Two Cree artists received some help while creating a piece that addresses Indigenization and decolonization as part of Indigenous Achievement Week at the University of Saskatchewan.

Ruth Cuthand and Vanessa Hyggen have been working on the collaborative art project called “mîkisak ikwa asiniyak ǀ Beads and Stone ǀ Lii rasaad aykwa lii rosh” at the top of the ramp in the Arts Building on the U of S campus.

Cuthand says the project began with the breaking of a slab of Tyndall stone this past Monday which included a pipe ceremony, speeches and feast.

“Several buildings on campus feature Tyndall stone,” Cuthand says “We broke it because we wanted it to be a symbol of breaking the status quo and allowing Indigenous thoughts to enter.”

The broken pieces were then integrated with beadwork which Cuthand says lots of people have come to help with.

“We want people to bead with us and to contribute their work, and their voices, in celebration of new spaces for learning and leading.”

“Breaking the stone represents decolonization and the creation of space within the institution for Indigenous traditions, languages and ways of knowing,” Hyggen adds. “Tyndall stone is representative of the university, beads are representative of Indigenous cultures and the material we will use to bond the beads and stone together—resin—represents the Indigenization process.”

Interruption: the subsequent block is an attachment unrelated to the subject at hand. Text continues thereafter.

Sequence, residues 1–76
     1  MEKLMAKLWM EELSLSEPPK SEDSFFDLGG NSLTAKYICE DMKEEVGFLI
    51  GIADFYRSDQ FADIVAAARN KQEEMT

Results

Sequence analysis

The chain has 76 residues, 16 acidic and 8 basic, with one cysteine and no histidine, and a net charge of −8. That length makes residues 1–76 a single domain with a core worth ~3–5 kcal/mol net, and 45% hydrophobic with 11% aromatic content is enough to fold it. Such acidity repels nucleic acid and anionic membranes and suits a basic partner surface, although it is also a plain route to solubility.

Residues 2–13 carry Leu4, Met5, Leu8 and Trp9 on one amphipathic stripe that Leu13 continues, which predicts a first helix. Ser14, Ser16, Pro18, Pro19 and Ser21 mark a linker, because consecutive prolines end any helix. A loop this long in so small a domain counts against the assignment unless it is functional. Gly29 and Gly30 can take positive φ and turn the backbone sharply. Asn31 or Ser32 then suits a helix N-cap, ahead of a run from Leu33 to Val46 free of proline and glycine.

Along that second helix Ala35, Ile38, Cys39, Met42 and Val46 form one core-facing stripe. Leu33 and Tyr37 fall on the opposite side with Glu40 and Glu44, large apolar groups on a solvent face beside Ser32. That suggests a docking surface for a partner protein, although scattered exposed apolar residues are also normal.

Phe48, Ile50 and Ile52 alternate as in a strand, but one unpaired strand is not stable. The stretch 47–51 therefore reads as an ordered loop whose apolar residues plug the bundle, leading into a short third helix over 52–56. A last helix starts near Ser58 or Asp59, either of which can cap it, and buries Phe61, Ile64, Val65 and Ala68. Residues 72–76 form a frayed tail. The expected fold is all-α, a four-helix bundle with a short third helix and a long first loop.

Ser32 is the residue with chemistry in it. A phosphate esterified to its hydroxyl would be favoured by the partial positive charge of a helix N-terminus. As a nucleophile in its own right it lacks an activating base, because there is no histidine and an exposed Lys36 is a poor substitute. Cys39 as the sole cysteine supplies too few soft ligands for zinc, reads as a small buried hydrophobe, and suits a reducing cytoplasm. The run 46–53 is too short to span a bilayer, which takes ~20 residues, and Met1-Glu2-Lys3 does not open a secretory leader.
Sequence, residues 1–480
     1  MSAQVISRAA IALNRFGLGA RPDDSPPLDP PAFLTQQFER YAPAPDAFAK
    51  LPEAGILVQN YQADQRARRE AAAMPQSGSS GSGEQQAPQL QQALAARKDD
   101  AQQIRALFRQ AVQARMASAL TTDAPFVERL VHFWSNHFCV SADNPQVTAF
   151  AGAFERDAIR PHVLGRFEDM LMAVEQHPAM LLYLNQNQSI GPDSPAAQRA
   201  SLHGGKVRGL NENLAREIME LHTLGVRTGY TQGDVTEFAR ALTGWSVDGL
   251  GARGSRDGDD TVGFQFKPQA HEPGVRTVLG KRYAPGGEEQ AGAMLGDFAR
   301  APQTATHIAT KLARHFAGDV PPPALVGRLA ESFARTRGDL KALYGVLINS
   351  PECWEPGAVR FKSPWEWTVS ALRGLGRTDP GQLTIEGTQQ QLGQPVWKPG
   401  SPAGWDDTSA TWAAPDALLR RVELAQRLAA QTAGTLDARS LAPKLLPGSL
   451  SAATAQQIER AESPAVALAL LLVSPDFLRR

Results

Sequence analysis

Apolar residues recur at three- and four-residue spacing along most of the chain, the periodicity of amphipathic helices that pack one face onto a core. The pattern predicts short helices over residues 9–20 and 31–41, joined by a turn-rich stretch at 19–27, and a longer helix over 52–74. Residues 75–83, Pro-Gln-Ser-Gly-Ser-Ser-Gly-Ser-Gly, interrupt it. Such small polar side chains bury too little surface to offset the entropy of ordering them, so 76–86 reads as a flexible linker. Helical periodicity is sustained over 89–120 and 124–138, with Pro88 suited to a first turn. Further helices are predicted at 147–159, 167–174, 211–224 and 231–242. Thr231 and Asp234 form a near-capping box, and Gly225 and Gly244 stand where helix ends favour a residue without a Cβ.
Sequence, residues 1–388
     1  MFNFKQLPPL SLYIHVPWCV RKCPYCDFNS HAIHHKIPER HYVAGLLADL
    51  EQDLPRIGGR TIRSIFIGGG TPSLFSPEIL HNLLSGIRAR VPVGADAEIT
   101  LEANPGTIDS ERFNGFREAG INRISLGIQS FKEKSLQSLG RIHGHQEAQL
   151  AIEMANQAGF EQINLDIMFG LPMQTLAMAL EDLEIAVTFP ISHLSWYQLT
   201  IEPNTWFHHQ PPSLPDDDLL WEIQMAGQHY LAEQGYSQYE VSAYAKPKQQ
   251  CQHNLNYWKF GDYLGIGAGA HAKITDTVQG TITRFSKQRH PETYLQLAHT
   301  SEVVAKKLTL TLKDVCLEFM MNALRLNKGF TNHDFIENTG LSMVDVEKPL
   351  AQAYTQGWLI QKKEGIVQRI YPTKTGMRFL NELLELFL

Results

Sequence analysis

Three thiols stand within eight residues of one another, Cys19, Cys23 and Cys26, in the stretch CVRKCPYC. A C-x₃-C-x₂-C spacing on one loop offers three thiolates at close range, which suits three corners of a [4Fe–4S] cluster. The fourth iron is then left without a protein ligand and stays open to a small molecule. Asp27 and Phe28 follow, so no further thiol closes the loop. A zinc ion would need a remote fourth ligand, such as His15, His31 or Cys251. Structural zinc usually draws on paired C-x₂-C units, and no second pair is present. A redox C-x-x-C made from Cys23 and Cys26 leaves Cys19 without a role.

The finished piece will be unveiled on this year’s International Day for the Elimination of Racial Discrimination, which is March 21.

“Created by this unique group of artists, Beads and Stone gives voice and substance to a vision for a new kind of university in an extraordinary and compelling image,” Jeremy Morgan, interim managing director of the University of Saskatchewan Art Galleries, says.
A screening of a film captured by Indigenous artists and filmmaker Marcel Petit will also take place at the unveiling.

The film will document the creation process of the art project and will feature a poem written by Cree-Dene-Métis poet Zoey Roy.

“A cornerstone of the College of Arts and Science’s new strategic plan to 2025 is to Indigenize and decolonize the college by addressing racism and promoting understanding,” Dirk de Boer, acting vice-dean Indigenous for the College of Arts and Science, says “Supporting the creation of interactive art projects such as Beads and Stone can help us move toward reaching our goals.”

The five-day Indigenous Achievement Week wrapped up on Friday.

“Our college is the home of the arts on campus, and this is a very important role,” Peta Bonham-Smith, dean of the College of Arts and Science, says. “The arts can help us start conversations about important social issues. They challenge our ideas and push us to do better. The arts are also inclusive and collaborative. They promote understanding and help us build relationships. That is what I hope the Beads and Stone project will achieve.”


(PHOTO: From left to right, student Kenneth Cook, artist Ruth Cuthand, College of Arts and Science Dean Peta Bonham-Smith and University of Saskatchewan Vice-Provost Indigenous Engagement Jacqueline Ottmann prepare to drop a slab of Tyndall stone outside the Arts Building on Feb. 4. Photo courtesy of Chris Putnam)